Annie Leibovitz on Photography: "You Cannot Underestimate the Power of the Sitter"

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"I didn't think any one else liked it but me," Annie Leibovitz told a group of snapping cameras and scratching pens yesterday about her photograph of artist Agnes Martin. Taken in Taos, it shows the woman simply sitting on her bed, facing forward, back straight. But as the photographer explained the context of the shoot, the room we were peeking into became filled with a different kind of life.

"'I sit here and wait to be inspired'" Martin, who she described as a "fragile child," told Leibovitz, "I guess it's a very personal picture for me, because I think we all hope for that. We're all waiting to be inspired." She was happy curator Charles Stainback chose to include the photo in the exhibition of her work being shown at the Norton Museum of Art in West Palm Beach.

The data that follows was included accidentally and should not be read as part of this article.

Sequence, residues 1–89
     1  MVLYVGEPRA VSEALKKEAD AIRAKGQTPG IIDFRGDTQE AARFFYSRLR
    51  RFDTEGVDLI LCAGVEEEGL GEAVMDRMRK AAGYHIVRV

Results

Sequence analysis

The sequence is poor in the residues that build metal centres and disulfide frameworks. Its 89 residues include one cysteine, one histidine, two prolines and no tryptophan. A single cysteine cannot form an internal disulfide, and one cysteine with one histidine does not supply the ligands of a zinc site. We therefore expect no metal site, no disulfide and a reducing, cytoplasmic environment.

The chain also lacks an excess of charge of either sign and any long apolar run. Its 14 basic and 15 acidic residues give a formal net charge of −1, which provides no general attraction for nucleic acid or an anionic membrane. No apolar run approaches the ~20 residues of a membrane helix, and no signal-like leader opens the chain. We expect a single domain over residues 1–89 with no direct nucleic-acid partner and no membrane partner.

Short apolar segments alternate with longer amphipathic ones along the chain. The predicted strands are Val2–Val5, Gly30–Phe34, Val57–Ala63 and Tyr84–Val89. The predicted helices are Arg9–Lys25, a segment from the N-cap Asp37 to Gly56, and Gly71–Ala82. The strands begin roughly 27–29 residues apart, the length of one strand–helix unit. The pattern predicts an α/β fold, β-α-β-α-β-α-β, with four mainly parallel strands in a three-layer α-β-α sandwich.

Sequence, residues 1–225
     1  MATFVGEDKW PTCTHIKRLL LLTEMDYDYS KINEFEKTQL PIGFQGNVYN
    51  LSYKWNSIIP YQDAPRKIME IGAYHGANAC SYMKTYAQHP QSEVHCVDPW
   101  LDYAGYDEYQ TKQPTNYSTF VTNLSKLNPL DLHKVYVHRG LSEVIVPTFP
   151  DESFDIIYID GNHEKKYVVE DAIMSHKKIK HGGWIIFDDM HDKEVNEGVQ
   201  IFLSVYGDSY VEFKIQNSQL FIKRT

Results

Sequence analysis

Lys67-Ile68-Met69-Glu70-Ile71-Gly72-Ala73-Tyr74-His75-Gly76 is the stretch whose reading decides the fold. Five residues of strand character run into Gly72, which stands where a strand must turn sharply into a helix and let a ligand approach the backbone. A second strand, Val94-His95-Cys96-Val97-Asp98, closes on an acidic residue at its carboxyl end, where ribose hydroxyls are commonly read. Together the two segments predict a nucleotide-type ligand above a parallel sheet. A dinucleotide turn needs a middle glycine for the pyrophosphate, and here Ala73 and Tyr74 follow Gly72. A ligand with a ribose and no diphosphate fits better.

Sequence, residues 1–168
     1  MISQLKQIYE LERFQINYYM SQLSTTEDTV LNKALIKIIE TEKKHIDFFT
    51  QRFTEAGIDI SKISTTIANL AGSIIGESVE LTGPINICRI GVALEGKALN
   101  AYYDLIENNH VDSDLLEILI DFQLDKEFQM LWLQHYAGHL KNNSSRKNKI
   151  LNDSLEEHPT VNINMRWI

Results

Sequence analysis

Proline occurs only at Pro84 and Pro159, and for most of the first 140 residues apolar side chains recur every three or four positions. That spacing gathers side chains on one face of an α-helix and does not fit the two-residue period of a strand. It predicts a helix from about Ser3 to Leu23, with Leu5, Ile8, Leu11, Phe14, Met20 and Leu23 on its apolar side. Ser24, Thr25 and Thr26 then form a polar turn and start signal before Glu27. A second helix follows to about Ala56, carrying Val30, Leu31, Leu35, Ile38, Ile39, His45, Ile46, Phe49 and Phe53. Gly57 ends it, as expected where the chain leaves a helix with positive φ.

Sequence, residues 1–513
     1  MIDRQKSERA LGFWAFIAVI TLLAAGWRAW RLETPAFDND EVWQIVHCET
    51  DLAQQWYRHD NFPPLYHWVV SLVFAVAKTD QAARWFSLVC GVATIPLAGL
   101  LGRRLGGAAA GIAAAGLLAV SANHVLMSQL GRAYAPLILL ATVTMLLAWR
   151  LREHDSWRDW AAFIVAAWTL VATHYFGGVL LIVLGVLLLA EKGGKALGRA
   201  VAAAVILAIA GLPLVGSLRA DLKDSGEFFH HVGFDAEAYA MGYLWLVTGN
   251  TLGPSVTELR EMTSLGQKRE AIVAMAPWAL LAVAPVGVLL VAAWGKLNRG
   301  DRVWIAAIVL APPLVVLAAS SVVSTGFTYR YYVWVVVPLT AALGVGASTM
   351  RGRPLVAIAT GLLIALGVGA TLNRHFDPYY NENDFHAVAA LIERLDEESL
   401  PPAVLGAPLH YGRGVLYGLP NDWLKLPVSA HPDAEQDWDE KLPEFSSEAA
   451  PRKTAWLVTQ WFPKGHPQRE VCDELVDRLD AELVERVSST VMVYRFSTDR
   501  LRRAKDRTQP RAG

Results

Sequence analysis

Stainback explained his decision, "For me, it was important to include as many visual artists in my selection because it's an art museum." But the show also displays images from throughout Leibovitz's career, including those of LIl' Kim, Cindy Sherman, Ruth Bader Ginsburg, John Irving, even R2-D2.

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Stainback started working on the exhibition a year and a half ago. "The sort of easy way out would be to pick all the famous pictures, and you're done," he said. "That sort of approach didn't interest me, and I really wanted to dig into her archive and sort of see other things. And she was very, very good about allowing me to do that."

On why he chose the musicians displayed over the others in her catalogue, he admitted, "Like any person, I respond to a picture because of the person in it. I love the Rolling Stones. I love Lucinda Williams, I really love Lucinda Williams. I had to pick that picture. It was too good, too great. You have personal biases, and the great thing about my job is I get to make the decisions."

Leibovitz seemed pleased with those decisions, answering questions, and telling animated stories. "You cannot underestimate the power of the sitter." She continued on the Agnes Martin shot, "It's sort of like looking at that picture of John and Yoko after the picture of them intwined. After John Lennon was killed... The viewer can't help but project all the information in their head into that picture."

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Norton Museum of Art

1451 S. Olive Ave., West Palm Beach, FL

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